Have you been impacted by these 3 changes?
June 12, 2017
Written by Martin Lau
‘I thought the government was making housing more affordable? But it appears they are making it harder for me?’ Anonymous, a first homebuyer. This client of mine was only looking to purchase a $450,000 property.
In an attempt to combat overseas buyers, and to dampen the Sydney and Melbourne property markets, ASIC and APRA have separately introduced many changes over the past 2 years.
But if a WA first homebuyer suffers as a consequence, should they reconsider their approach?
Let’s examine the 3 most recent events – some of you may have already noticed on your recent bank correspondence.
Changes to Interest Only Loans
March 2017: APRA announced that it expects all ADIs to “limit the flow of new interest-only lending to 30 per cent of total new residential mortgage lending”. That is in addition to their previous request to cap investment lending growth at 10% per annum.
The official reasons given were:
The interest only loans represent 40% of residential mortgage lending – relatively high by international and historical standards.
To prevent ‘payment shock’ – the increase in repayments when the loans revert from Interest Only to Principle and Interest (P&I)
Property investors have long used interest only loans to manage cash flow. It is reasonable to assume APRA sees these portfolios are easier targets to monitor. When the total home loan value in Australia is $1 trillion – 1 followed by 12 zeros – this restriction will have an impact on around $1 billion in loans.
In response to this requirement, banks have:
Increased the interest rates for interest only loans (see below)
Began to restrict the extension of interest only loan terms
Reduced the LVR for investment, interest only loans to 80%
The impact could be immediate. Some off the plan investors may struggle to settle their purchases, thereby presenting astute and cashed up investors to snap up bargains.
Interest Rate Rises
Since April 2017: all banks increased their interest rates between 0.03% and 0.28%. Some opted to raise the rates for interest only loans, while others introduced different tiers of borrowers.
Banks are increasing their rates to deter interest only loans. It is easy to say the banks are profit gouging after they announced increased quarterly profits in April. However, if we look at that the banks’ net interest margin – which compares the cost of funds with what it charges for loans – they all shrunk between 0.04% and 0.11%. In short, their loans are not as profitable.
The federal budget continues to add pressure with a proposed bank levy – a 0.06% tax on their clients’ deposits.
How are the banks going to cope with dealing with these 2 issues simultaneously?
Shrinking their profitable interest only loans portfolio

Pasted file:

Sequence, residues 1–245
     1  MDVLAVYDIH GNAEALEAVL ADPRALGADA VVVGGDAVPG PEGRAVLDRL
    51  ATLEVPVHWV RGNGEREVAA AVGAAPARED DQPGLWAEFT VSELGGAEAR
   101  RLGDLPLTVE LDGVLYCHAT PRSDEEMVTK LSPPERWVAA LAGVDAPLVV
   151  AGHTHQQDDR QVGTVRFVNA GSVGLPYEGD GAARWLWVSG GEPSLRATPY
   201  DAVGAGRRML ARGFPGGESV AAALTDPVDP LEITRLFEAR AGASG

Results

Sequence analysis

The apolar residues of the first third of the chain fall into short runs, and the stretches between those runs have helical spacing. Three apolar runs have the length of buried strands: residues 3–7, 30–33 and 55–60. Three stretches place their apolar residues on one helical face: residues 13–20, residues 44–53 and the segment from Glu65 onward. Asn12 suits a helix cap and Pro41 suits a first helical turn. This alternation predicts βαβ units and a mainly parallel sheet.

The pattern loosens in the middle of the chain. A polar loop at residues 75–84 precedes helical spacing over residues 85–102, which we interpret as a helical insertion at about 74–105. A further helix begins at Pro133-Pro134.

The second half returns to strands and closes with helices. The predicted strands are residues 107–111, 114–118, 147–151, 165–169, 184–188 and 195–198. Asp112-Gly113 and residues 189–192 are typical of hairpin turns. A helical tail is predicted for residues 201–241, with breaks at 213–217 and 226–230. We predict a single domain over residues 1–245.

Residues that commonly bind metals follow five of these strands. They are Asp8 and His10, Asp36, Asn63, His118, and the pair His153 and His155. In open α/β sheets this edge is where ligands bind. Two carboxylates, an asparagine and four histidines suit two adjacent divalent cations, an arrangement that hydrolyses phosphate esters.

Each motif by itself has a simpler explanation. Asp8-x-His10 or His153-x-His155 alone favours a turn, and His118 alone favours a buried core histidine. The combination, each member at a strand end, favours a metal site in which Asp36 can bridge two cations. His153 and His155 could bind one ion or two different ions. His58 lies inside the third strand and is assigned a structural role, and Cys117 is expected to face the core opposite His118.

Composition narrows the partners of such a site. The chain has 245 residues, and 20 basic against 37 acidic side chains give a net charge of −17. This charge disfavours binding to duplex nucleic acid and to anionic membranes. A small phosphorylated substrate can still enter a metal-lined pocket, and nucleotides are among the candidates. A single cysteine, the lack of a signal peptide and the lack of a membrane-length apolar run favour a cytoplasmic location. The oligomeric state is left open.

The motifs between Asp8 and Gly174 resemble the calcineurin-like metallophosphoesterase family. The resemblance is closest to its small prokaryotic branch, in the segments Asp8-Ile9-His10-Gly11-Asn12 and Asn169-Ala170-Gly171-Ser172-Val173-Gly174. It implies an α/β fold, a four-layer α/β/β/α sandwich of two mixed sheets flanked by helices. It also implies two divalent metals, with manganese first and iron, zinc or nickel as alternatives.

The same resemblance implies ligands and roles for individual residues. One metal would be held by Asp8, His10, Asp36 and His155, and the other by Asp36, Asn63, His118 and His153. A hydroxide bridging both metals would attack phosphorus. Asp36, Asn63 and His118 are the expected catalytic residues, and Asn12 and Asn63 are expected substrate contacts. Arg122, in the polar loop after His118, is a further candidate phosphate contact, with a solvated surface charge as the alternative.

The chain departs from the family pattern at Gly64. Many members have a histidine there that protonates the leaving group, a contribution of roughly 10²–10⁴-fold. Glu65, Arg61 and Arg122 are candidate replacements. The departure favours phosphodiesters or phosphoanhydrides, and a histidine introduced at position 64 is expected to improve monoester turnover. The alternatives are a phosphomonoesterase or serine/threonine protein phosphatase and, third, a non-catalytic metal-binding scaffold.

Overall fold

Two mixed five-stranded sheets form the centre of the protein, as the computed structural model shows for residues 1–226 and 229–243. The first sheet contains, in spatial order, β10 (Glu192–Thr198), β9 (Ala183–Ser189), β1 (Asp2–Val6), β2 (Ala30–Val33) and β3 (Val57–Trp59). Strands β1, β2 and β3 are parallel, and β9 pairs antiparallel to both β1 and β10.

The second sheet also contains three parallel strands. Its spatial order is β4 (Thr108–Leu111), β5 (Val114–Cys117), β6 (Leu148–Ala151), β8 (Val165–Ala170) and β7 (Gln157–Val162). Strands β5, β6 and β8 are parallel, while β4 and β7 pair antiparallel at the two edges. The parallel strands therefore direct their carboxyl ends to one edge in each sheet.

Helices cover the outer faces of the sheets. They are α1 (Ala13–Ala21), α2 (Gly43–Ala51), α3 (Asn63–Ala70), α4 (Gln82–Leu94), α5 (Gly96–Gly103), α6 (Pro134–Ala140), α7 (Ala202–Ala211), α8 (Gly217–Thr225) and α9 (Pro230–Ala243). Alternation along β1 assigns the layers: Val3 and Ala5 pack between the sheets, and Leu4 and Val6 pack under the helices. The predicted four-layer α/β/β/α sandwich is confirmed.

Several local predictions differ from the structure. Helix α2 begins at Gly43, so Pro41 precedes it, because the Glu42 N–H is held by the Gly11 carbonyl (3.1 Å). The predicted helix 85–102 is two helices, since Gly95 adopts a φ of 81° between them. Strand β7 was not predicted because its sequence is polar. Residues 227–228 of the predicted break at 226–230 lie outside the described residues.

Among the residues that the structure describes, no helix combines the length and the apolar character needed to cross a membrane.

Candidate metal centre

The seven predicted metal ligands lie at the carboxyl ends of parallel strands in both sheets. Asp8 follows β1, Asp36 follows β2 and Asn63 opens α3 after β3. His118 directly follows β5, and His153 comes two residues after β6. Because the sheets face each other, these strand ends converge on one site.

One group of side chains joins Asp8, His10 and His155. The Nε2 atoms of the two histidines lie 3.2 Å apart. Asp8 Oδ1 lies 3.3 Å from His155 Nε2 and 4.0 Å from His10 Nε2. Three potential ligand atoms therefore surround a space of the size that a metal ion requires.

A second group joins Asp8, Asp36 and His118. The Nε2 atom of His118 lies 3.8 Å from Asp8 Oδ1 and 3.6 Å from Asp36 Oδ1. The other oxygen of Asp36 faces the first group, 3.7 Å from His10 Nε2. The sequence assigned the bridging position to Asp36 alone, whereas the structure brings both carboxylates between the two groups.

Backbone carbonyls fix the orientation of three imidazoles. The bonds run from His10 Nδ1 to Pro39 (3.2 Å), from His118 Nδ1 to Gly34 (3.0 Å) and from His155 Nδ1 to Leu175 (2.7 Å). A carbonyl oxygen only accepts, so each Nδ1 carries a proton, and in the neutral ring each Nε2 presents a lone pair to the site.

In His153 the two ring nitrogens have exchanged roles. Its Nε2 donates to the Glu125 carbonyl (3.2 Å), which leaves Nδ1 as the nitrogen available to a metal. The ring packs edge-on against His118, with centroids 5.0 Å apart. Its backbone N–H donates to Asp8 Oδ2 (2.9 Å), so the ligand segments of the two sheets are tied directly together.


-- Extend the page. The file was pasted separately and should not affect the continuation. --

Maintaining their net interest margin and their profit
If the investment loan interest rates continue to rise and banks place further restrictions on interest only loans, will this create a perfect storm for cashed up property investors?
Living Expenses on Borrowing Capacity
March 2017: ASIC launched a civil action against Westpac, claiming it “failed to properly factor in home loan customers’ actual living expenses”. The test case alleged “one customer who applied for a $750,000 loan told the bank their monthly expenses were $5,490 but Westpac instead relied on the Household Expenditure Measure figure of $2,170, leaving a $3,320 deficit when assessing the loan”
Consumers group hailed this as an evidence of the banks pushing borrowers into unaffordable loans. Is it that simple?
Using the test case as an example:
Actual borrowing capacity: It was safe to assume the customer earned over $120,000. I also assume the $5,490 declared expenses include dining out, holidays and etc. Based on that, he can only borrow $290,000.
If I am earning $120,000, have no other loans and being told I could only afford $290,000, I would feel ___ (please fill in the blank, and email me an answer) Interest buffer: banks built in 2% – 2.5% interest rate buffer to ensure they will get their money back. So while the actual repayments for $750,000 is $4,013 per month, the banks are assuming the borrower needs to repay over $5,400 per month.
If we have to use the expenses from today, and repayments from the future, should the assessment also allow provision for potential pay rises?
Should the governing body focus on providing financial education, instead of spending millions on lawsuits?
In the last 10 years, I have seen my customers deal with issues from job redundancies to rate rises. I recall a couple that went from dating to now married with 3 kids, and they have never missed a mortgage repayment despite the loss of her income. It reiterates my belief that most borrowers will adjust their budget (living expenses) to protect their loved ones and their home.
If ASIC are to succeed in the civil action against Westpac, then possibly no one can borrow enough in the future to purchase that $750,000 property today.
Are there any alternatives to solve the housing affordability?
Perhaps we can learn from our neighbours across the Tasman Sea, who initially mandated 40% deposit for Auckland investors, before spreading it across the country last year.
Or perhaps adopt the extreme measure by Beijing – where the median house price outstrips even Sydney and Melbourne – and limit the number of properties per household to 2.
Where to now for the Australia property market? Short answer is, I do not know.
I suspect, without a cohesive plan between RBA, APRA, ASIC and Federal Government, these many spontaneous changes may have detrimental effects on affordability and housing prices.
The people they had hoped to help – first home buyer and families tired of renting – will bear the brunt of these upheavals.
The people they had hoped to help – FHB and families tired of renting – will bear the brunt of these upheavals.